Habitat Loss in the Snake River Corridor
Currently, the natural landscape of Jackson Hole is only 50% “built out.” This means that under current land development regulations, the footprint of homes, businesses and roads will effectively double in coming decades.
We urge a proactive approach. Not to prevent development, but to acknowledge its inevitability while working to maintain and improve habitat connectivity in the Snake River Corridor using the tools we have. This includes minimizing development of public land in key habitat, making roads and fence crossings safer for wildlife, and encouraging landowners to consider solutions like conservation easements when possible.
Case Study: State Land Sections
The State Land Section (large blue square) is almost completely surrounded by lands encumbered by Jackson Hole Land Trust conservation easements. The surrounding conservation easements likely contain low-density development rights. Nonetheless, in comparison to nearby residential development, the open space of these conservation easements and the State Section is significant.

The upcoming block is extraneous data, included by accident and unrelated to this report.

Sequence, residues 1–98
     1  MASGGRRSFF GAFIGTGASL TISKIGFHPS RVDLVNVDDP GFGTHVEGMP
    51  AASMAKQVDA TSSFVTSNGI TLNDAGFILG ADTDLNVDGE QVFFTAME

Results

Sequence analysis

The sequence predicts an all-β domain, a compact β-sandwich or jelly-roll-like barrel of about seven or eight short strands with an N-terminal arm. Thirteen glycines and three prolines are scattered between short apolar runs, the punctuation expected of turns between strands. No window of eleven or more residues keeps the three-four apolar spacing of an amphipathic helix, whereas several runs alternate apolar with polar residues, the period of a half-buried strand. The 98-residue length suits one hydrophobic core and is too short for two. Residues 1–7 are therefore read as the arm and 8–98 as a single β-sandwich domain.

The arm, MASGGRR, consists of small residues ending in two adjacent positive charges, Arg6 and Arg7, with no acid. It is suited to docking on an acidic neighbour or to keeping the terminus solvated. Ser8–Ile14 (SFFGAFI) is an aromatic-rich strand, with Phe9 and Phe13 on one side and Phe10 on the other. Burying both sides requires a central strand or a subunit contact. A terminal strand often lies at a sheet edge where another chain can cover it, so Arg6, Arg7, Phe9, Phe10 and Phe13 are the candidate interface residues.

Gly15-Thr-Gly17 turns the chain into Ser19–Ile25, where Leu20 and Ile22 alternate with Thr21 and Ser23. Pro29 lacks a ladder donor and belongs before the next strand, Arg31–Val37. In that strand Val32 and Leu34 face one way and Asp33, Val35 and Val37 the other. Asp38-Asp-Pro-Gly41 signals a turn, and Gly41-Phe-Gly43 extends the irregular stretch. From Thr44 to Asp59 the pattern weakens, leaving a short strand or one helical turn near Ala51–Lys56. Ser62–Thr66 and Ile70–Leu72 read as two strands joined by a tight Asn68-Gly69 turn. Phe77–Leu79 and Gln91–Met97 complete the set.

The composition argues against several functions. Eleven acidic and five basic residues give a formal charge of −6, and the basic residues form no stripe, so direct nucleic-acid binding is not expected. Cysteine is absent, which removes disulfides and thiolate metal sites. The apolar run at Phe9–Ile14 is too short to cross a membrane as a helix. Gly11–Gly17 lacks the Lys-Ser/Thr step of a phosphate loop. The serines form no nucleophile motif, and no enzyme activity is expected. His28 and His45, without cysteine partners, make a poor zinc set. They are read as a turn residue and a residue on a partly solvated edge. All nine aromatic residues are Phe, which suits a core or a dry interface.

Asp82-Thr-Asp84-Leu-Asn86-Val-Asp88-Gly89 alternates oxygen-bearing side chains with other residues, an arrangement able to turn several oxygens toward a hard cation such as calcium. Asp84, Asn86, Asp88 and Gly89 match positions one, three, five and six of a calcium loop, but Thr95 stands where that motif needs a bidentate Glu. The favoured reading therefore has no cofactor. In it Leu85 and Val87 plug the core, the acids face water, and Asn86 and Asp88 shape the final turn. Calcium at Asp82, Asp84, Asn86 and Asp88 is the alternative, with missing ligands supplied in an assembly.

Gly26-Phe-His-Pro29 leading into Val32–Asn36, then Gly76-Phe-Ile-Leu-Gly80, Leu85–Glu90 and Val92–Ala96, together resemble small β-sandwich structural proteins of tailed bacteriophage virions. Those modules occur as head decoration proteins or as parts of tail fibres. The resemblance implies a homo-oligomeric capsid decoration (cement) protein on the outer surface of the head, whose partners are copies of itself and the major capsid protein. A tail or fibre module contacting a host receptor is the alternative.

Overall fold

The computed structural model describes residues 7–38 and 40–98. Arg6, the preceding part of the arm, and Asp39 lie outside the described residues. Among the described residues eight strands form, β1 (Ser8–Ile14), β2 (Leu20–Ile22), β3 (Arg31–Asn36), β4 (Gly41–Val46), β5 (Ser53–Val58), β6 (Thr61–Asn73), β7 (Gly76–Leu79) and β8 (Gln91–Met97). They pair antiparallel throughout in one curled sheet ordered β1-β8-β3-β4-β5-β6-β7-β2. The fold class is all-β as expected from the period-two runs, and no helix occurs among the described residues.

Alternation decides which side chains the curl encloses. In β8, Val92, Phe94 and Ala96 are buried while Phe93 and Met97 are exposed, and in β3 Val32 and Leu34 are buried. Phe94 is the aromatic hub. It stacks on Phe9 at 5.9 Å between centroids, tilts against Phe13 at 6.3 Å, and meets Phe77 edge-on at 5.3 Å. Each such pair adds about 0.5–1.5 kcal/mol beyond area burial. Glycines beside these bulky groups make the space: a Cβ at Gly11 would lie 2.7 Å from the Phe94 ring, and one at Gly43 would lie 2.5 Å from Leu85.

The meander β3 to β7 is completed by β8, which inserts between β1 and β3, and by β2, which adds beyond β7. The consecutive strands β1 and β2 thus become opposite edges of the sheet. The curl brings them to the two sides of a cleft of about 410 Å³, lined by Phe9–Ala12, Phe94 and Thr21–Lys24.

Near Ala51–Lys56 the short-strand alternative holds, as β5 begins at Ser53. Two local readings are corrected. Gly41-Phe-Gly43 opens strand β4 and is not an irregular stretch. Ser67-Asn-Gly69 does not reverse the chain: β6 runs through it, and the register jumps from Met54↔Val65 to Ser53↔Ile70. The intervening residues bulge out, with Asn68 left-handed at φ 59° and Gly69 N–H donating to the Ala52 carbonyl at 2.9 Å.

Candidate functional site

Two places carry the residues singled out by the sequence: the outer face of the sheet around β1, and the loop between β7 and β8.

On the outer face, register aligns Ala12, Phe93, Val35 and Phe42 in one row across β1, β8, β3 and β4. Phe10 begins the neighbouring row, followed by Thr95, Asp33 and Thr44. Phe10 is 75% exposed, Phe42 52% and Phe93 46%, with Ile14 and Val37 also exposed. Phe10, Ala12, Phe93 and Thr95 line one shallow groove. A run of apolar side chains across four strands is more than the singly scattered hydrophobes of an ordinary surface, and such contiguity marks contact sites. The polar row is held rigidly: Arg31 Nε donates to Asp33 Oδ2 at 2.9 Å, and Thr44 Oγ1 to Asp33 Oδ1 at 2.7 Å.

- This State Section lies adjacent to a wildlife-vehicle collision hotspot on Highway 390, where elk and mule deer both have unsuccessful crossings.
- This section is used as summer habitat by wintering elk collared on the National Elk Refuge.
Land Use Changes
It’s important to realize that land use changes don’t always mean the construction of new buildings or roads. The land near the Wyoming State Section is primarily agricultural meadow with active irrigation operations and wetlands. Based on historic, aerial imagery, the wetland areas were more extensive in the past than found within the current agricultural operations.
This gradual loss of historic wetlands underscores the importance of safeguarding remaining intact habitat in the Snake River Corridor.